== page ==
By Henry Stimpson APR
Published in Henry Stimpson’s PR and Marketing Tips
Make it a real news story. What’s truly new or different here? Does your news indicate an industry trend? Does your product or service help people save or make money or improve their lives? The news media won’t run free advertisements lightly disguised as news releases. Superlatives and fluff just hide the real news editors and reporters are hungry for. Feed them real meat and they’ll bite!
Customize your releases according to your audience. Let’s say you have a new service or product that’s of interest to both your distributors and your customers. An effective release for the trade publications will read differently than the version for consumer media.
Make the writing clean and easy to understand at first glance. So many companies are so eager to stress that their product or service is so state-of-the art that they pack in so many adjectives that the poor editor has no idea what it’s about. Never make readers strain to get your meaning. Use easy words. Simplify and dramatize, especially in the lead paragraphs. More technical, difficult information can be brought in lower down in the story.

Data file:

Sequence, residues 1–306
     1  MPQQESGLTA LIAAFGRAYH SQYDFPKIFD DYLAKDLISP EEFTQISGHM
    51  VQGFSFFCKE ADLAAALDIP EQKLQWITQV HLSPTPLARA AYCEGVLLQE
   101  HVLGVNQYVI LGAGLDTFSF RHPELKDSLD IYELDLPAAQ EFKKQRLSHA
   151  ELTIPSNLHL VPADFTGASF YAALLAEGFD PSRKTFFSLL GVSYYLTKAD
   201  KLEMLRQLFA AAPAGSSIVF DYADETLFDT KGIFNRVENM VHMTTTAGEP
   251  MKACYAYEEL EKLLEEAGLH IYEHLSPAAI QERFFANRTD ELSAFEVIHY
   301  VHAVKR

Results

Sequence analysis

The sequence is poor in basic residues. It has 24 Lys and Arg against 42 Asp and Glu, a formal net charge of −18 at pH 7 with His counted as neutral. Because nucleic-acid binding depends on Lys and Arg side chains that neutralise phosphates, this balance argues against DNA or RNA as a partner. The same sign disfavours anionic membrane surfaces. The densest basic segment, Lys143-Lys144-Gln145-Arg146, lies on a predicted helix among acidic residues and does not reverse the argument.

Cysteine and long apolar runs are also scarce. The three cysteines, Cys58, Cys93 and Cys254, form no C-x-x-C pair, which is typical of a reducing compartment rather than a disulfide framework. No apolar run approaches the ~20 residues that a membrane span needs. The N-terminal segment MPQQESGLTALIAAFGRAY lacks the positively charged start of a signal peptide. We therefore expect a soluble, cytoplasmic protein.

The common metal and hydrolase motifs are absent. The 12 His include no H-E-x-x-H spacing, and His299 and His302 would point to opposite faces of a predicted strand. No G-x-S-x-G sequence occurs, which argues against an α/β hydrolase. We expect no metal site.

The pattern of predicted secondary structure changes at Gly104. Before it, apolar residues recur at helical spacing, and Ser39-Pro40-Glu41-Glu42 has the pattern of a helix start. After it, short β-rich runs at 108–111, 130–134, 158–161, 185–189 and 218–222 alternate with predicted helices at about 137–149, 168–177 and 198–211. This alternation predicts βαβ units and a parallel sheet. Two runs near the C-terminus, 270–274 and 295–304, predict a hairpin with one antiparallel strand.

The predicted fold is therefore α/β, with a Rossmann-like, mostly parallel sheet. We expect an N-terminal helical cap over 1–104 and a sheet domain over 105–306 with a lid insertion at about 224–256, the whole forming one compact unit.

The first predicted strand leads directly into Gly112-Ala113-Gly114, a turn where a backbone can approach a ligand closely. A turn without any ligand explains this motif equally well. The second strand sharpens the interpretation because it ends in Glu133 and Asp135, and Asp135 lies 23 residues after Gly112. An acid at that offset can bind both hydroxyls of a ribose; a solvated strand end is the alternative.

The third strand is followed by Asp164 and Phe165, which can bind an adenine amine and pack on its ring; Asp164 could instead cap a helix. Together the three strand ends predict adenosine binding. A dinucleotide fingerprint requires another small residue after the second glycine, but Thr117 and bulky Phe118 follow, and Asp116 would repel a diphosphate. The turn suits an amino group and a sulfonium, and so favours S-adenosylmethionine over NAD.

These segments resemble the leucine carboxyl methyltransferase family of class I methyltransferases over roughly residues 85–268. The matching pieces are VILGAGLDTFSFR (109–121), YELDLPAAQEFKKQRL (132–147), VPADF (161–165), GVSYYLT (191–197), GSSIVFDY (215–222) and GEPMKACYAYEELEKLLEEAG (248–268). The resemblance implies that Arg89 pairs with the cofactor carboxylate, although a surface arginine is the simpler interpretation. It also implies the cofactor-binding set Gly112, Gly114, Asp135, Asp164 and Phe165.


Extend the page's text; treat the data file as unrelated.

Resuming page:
Maintain well-tended, up-to-date mailing lists that include everyone who’s relevant. Make sure to include freelance writers on your lists and maintain separate lists of consumer and trade media.
Supplement your own lists with distribution via Business Wire, PR Newswire or a similar service. For a reasonable price, these services will distribute your release to both consumer and trade media—and, perhaps most important, to thousands of Web sites worldwide. That means that many people can read your release before the traditional print media pick it up.
Henry Stimpson, APR, “PR Czar” at emersongroup, provides public relations, marketing communications and writing services to our client organizations in a wide range of industries. He has ghostwritten hundreds of articles and placed them in publications of all types, including The New York Times, and has written under his own name for The Boston Globe, Yankee and numerous trade publications. To contact Henry, click here.